The marque has essentially gone through a paradigm shift over the last decade and is consistently rising up the sales chart. In 2019, Ram sold over 630,000 examples; almost 60,000 more than the Chevy Silverado, to occupy the runner-up position. A lot of it can be credited to the fantastic engines in the lineup, and Ram’s constant effort to infuse luxury into its cargo-haulers. Not to mention, it has been paying a lot attention to safety as well. To top it all off, these trucks became an overnight sensation when Ram announced a 1,000 pound-feet of torque figure for the 3500 series. The Ram 2500 doesn’t boast of that, but it still has a lot going in its favor to be deemed as a potent threat to the Blue Oval and the Bowtie.
The model that arrived at the TopSpeed HQ was a black Ram 2500 HD Laramie. This is a mid-level trim that may not come with the best features that Ram has to offer, but it is one of the most practical trims to buy that covers all the basic essentials you would need on a daily basis. The truck came with a Cummins engine under the hood, a large touchscreen system on the inside, and a fairly wide, intimidating footprint that would shoo away all the smaller vehicles on the road with ease. But, when you pit it against the like-for-like trims of Ford and Chevy products on paper, it feels a little weak.
With that said, the Ram 2500 HD Laramie is still a strong contender and worthy of being shortlisted in your book if you’re in the market for a heavy-duty truck priced at around $50,000.
The seventh-generation Subaru Legacy debuted at the 2019 Chicago Auto Show, and less than a year later, we finally got to get behind the wheel of one. Right away, we were impressed. It’s built on top of Subaru’s newly optimized global platform, which means it’s stiffer in all the right places. And, thanks to Subaru’s newly adopted Dynamic X Solid philosophy that makes the Legacy more expressive than even – something that’s clearly visible in the front end design and in the rear where the rear decklid is morphed into a makeshift spoiler of sorts.
The interior probably got the biggest update, though, with the major highlight being that new 11.6-inch, vertically oriented infotainment display. It’s dubbed “HD Subaru Starlink,” and it’s about as modern as you can get without stepping into a Mercedes. Other interior features worth boasting is the new Nappa leather – a first for the Legacy and Subaru as a company – improved headroom and legroom, and improved cargo capacity.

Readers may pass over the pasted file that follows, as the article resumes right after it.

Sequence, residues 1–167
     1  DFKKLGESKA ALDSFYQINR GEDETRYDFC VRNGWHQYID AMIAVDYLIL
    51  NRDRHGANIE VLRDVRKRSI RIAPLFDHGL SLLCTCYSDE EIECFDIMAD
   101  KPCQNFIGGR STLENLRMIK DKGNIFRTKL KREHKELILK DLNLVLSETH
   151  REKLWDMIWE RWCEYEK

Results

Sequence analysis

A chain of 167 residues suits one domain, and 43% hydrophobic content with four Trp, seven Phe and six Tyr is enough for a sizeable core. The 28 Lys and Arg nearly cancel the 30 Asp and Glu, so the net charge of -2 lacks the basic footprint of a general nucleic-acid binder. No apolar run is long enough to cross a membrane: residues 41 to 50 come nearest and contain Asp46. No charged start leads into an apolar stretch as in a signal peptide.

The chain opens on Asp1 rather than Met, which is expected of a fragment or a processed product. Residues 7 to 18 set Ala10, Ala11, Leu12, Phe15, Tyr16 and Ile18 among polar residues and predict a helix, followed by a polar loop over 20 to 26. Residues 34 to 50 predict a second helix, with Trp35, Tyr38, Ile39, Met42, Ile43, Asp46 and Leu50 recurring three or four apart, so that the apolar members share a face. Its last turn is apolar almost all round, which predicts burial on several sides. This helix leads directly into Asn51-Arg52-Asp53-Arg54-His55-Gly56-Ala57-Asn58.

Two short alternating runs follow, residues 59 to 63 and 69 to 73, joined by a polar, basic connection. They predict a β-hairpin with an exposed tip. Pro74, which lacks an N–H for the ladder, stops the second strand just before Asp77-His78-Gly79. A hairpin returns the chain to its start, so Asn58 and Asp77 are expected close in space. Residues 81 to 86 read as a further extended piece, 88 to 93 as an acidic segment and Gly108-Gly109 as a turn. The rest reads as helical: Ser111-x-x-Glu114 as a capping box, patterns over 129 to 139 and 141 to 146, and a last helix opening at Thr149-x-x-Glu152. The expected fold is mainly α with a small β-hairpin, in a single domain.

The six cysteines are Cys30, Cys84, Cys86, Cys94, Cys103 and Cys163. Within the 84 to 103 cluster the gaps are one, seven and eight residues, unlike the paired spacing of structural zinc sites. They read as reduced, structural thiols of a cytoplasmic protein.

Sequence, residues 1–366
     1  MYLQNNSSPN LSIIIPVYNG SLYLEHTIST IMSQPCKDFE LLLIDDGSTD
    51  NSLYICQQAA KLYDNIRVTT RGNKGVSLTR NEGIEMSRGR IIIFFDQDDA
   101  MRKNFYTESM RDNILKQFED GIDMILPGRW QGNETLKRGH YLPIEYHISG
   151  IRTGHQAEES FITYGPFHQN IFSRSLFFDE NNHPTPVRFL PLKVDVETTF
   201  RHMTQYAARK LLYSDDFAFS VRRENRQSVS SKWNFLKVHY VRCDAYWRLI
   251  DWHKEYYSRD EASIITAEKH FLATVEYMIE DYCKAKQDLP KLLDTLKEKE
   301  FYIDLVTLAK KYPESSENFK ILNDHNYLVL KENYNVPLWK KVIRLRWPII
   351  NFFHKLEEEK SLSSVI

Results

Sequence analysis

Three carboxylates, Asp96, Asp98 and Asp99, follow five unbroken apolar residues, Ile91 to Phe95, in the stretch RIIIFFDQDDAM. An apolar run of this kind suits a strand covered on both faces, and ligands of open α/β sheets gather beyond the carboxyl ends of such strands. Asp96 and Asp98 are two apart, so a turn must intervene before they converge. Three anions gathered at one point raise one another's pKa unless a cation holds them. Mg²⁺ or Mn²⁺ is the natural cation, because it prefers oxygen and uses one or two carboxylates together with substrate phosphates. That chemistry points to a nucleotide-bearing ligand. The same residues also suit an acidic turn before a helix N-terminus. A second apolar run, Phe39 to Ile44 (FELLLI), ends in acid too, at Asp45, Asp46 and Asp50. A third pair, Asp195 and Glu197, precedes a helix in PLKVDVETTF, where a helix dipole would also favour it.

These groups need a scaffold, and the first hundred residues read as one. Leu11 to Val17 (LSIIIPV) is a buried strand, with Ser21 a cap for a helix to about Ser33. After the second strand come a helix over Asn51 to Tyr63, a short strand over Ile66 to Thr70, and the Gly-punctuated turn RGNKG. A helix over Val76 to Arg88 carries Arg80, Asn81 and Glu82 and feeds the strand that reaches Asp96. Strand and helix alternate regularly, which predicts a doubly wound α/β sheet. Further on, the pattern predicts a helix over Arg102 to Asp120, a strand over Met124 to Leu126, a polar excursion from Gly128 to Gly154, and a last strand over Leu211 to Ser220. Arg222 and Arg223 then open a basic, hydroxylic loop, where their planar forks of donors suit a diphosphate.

Subaru has finally decided to Turbocharge the Legacy for the first time since 2012, and our Legacy XT tester featured a 2.4-liter Boxer engine that delivers a cool 260 horsepower and 277 pound-feet of torque. All of that is sent through a CVT with a somewhat decent manual mode. It doesn’t make up for the lack of a manual or something with real gears, but it’s definitely not the worst CVT on the market. Four-wheel drive is, as you’d expect, a standard affair, and it took our tester just 6.1 seconds to hit 60 mph – not bad for a family sedan that’s also safe. The Subaru Legacy starts out at $22,745, but to get an XT model like ours, you’ll have to pony up at least $34,195 or $35,895 for the XT Touring.
2020 BMW X7 - Driven
The BMW X7 is one of the newest models in Bimmer’s lineup, and it serves a noble purpose as the brand’s flagship SUV (or Sports Activity Vehicle, if you listen to BMW’s “we-need-to-be-different” nonsense.) It was announced back in 2014, and shown off in concept form (the BMW X7 iPerformance Concept) in 2017, but wasn’t available at dealers until March 2019. Since then, we’ve been itching to get behind the wheel of one, and BMW was happy to oblige.
As you might expect from a flagship model, the X7 is about as luxurious as you can get without dipping your toes in the six-figure range. It comes close, with the X7 XDrive50i commanding an MSRP of $92,600, but it won’t cross that big mark unless you start checking off option boxes. Even the M50i falls just shy of six figures at $99,600. Under the hood of our xDrive50i sat a 4.4-liter V-8 (the same one that may be discontinued soon enough,) and it was good for 456 horsepower and 479 pound-feet of torque. The sprint to 60 mph was rated at 5.2, but we got there in just a hair over 5 seconds, mighty impressive for a vehicle that weighs 5,617 pounds.
Interior space of the X7 was great, but what really caught our attention was the air suspension that would raise or lower as needed. Loading something into the rear? No problem, the suspension will drop to make it easier for you. Going over rough roads? Raise it up a notch. Spirited driving? The suspension will help keep things level. It’s like there’s nothing it can’t do. Comfort was on par with what you would expect, while materials and fit and finish were top notch.